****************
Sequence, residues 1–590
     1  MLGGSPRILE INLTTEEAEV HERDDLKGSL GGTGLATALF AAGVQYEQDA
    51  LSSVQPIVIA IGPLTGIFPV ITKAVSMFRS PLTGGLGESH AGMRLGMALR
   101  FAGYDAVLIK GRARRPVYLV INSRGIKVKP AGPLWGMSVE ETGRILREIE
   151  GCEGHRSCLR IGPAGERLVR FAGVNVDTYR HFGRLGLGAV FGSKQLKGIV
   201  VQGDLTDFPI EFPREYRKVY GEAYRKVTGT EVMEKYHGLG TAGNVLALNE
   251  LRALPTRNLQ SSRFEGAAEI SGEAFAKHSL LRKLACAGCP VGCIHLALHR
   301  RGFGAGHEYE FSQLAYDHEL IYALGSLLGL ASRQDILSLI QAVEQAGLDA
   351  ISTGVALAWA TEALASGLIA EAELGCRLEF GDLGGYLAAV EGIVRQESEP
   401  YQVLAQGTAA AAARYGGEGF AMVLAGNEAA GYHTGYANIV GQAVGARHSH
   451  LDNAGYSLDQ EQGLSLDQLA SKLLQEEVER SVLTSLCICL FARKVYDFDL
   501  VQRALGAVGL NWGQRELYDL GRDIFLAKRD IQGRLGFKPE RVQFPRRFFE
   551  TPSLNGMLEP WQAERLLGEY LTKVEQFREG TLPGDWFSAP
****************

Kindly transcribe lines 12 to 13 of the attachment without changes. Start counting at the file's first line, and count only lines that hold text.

   501  VQRALGAVGL NWGQRELYDL GRDIFLAKRD IQGRLGFKPE RVQFPRRFFE
   551  TPSLNGMLEP WQAERLLGEY LTKVEQFREG TLPGDWFSAP